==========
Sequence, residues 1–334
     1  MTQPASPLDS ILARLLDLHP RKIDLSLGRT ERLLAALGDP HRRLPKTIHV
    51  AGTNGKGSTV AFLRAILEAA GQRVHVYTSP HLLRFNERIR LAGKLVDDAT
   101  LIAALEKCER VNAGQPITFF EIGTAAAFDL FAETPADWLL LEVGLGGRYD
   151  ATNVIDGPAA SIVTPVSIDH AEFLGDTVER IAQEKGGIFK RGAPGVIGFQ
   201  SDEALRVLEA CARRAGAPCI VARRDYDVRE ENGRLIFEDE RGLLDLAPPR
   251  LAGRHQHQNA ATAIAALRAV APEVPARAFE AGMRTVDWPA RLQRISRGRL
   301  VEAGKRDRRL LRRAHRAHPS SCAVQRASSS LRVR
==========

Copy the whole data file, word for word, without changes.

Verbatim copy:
Sequence, residues 1–334
     1  MTQPASPLDS ILARLLDLHP RKIDLSLGRT ERLLAALGDP HRRLPKTIHV
    51  AGTNGKGSTV AFLRAILEAA GQRVHVYTSP HLLRFNERIR LAGKLVDDAT
   101  LIAALEKCER VNAGQPITFF EIGTAAAFDL FAETPADWLL LEVGLGGRYD
   151  ATNVIDGPAA SIVTPVSIDH AEFLGDTVER IAQEKGGIFK RGAPGVIGFQ
   201  SDEALRVLEA CARRAGAPCI VARRDYDVRE ENGRLIFEDE RGLLDLAPPR
   251  LAGRHQHQNA ATAIAALRAV APEVPARAFE AGMRTVDWPA RLQRISRGRL
   301  VEAGKRDRRL LRRAHRAHPS SCAVQRASSS LRVR